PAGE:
JuliaCon 2022 (Times are UTC)

Making Abstract Interpretation Less Abstract in Cthulhu.jl
07-28, 13:10–13:20 (UTC), Purple

Cthulhu.jl is a highly useful tool for performance engineering as well as general debugging of Julia programs. However, as the name implies, one can quickly descend into the abyss that is Julia's compilation pipeline and get lost in the vast amounts of code even modest looking Julia functions may end up generating. I present a combination of Cthulhu.jl with a step-by-step debugger, showing concrete results every step along the type lattice to make compilation more interpretable.

One of the main motivations for this work was the use case of debugging source-to-source automatic differentiation on scientific codes as exemplified by Zygote.jl, which emit code that is significantly more complex than that of the original program. That can make it difficult to correctly identify intermediate steps. This is often complicated by the fact that the more complicated code can lead to results not being inferred to a concrete type anymore.

I leverage the already existing infrastructure in JuliaInterpreter.jl to enable explorative analysis of what the code does by interpreting the program based on concrete input values. Because interpretation works on a statement-by-statement basis just as inference does, this allows the user to go back and look at what the interpreter computed for any intermediate steps or see which branch actually ended up being taken.

One of the main challenges was the fact that JuliaInterpreter.jl was designed to interpret untyped Julia IR, which has slightly different semantics to IR after inference which again differs from the semantics of IR after all other Julia-specific optimizations such as inlining. A prototype currently exists in https://github.com/JuliaDebug/Cthulhu.jl/pull/214. I plan to introduce a flexible plugin infrastructure for this to be able to develop most of this outside of Cthulhu first. Support for step-by-step execution and for interpreting optimized Julia IR is also being worked on.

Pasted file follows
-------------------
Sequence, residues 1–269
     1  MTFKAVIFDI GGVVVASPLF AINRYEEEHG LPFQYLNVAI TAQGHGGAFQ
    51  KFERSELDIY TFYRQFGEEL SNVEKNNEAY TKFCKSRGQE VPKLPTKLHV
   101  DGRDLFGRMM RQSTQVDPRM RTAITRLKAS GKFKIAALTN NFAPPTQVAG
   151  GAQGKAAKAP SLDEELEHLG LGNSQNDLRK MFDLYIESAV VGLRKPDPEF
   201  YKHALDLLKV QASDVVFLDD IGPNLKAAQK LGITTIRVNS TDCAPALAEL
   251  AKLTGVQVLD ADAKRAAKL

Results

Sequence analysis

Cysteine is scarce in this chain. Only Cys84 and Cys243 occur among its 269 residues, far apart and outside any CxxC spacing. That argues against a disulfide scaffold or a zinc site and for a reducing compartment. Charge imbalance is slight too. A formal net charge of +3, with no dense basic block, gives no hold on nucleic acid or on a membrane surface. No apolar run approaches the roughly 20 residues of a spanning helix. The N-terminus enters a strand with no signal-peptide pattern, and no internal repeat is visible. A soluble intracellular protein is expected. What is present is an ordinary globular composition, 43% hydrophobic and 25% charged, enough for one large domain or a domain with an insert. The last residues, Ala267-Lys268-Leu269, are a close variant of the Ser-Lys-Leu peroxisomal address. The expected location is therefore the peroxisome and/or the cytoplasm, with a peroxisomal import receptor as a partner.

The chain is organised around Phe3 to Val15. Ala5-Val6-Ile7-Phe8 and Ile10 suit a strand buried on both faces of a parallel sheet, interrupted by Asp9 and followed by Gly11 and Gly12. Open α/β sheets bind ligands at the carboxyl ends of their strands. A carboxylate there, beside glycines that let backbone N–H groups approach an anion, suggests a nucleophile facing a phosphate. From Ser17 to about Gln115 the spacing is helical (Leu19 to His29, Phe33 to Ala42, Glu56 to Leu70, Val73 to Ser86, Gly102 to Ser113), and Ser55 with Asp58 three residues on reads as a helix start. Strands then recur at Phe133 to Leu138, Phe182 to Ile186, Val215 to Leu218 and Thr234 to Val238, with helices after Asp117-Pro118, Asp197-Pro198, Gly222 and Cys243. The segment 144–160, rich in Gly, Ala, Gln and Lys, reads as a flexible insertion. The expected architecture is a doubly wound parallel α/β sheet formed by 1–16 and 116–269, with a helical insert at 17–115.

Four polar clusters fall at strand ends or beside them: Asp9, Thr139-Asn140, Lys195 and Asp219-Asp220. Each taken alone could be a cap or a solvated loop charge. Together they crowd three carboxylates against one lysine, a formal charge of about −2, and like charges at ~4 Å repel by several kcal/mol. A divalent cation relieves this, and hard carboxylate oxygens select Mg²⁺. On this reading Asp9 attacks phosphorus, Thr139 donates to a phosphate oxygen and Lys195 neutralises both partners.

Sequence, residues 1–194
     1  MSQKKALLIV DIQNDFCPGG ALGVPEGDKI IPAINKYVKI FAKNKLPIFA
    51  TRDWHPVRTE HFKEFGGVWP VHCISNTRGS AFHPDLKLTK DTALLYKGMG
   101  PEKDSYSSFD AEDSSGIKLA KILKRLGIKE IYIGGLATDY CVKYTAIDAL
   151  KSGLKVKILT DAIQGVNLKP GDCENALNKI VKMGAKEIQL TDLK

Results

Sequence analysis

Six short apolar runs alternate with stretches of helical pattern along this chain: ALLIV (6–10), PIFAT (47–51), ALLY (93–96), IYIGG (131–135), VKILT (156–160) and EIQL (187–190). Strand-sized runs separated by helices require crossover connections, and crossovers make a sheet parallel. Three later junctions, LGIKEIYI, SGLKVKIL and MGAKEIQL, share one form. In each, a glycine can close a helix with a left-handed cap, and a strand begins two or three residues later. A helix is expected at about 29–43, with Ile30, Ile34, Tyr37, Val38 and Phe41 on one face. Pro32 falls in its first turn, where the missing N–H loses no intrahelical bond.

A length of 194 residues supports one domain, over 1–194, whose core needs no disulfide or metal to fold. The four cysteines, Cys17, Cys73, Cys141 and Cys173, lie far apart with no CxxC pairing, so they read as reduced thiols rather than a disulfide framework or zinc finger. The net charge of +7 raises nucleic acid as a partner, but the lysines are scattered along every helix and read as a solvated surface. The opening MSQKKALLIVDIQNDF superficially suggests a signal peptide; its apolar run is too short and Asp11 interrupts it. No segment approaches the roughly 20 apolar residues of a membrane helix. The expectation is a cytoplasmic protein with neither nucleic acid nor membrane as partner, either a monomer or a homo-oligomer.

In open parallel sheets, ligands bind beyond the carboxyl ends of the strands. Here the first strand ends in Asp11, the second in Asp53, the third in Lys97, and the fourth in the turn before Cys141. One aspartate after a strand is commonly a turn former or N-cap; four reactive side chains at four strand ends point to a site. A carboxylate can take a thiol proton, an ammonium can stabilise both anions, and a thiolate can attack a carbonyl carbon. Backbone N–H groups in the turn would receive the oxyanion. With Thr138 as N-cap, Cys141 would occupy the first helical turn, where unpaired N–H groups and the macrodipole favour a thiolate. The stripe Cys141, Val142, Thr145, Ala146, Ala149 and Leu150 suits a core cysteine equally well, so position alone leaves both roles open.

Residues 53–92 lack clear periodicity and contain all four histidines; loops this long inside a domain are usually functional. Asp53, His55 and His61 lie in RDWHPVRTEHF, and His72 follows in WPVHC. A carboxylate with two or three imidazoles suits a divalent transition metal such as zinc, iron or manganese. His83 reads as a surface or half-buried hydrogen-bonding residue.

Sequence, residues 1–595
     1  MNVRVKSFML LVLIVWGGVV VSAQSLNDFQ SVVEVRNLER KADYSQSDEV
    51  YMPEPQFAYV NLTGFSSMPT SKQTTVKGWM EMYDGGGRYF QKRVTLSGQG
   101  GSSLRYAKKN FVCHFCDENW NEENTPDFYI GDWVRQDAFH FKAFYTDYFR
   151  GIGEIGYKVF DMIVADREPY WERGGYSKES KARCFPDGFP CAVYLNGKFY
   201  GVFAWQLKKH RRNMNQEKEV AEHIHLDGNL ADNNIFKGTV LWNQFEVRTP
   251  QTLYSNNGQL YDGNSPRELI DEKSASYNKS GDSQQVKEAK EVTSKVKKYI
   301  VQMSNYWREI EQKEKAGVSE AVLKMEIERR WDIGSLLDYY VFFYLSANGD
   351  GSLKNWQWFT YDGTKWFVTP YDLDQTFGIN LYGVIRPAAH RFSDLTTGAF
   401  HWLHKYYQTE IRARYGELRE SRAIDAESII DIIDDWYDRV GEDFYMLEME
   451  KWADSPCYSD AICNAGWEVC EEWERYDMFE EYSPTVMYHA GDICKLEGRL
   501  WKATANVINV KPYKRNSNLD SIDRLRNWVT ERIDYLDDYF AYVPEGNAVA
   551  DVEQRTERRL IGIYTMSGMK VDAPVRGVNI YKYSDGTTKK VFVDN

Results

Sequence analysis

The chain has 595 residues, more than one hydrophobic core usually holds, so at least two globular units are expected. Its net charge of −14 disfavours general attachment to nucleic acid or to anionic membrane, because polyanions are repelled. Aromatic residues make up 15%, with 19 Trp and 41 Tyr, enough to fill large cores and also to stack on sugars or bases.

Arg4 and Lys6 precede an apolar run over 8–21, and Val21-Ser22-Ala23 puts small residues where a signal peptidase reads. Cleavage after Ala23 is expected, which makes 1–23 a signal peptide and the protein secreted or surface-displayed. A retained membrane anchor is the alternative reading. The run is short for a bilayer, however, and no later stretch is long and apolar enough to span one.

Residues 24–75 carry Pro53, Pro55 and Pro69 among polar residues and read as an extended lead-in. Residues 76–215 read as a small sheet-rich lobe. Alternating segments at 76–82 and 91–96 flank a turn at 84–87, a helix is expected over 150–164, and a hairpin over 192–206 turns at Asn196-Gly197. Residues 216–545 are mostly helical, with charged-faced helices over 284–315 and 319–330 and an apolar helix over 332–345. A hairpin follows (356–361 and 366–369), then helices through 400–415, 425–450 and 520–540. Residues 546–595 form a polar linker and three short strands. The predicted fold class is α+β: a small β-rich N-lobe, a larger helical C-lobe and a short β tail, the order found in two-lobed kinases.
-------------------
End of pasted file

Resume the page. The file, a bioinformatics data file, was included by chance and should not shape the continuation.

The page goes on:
In this talk I aim to first give an overview on how Cthulhu.jl differs from a debugger and the various advantages and disadvantages of both approaches. I will then explain how I combined the two and how users can take advantage of these new capabilities in their own workflows. While I will be primarily targeting intermediate to advanced Julia users, I believe this could even be of use to those who have not used Cthulhu.jl before, because it allows for a much more interactive exploration of the intricacies of Julia IR.

I am currently a master's student in Computational Science and Engineering at the MIT Julia Lab. I have been a Julia user since 2018 and am one of the maintainers of the Julia language. Among other parts of the language, I work on Julia's front end and contribute to packages such as Cthulhu.jl, JuliaInterpreter.jl, and ArtifactUtils.jl.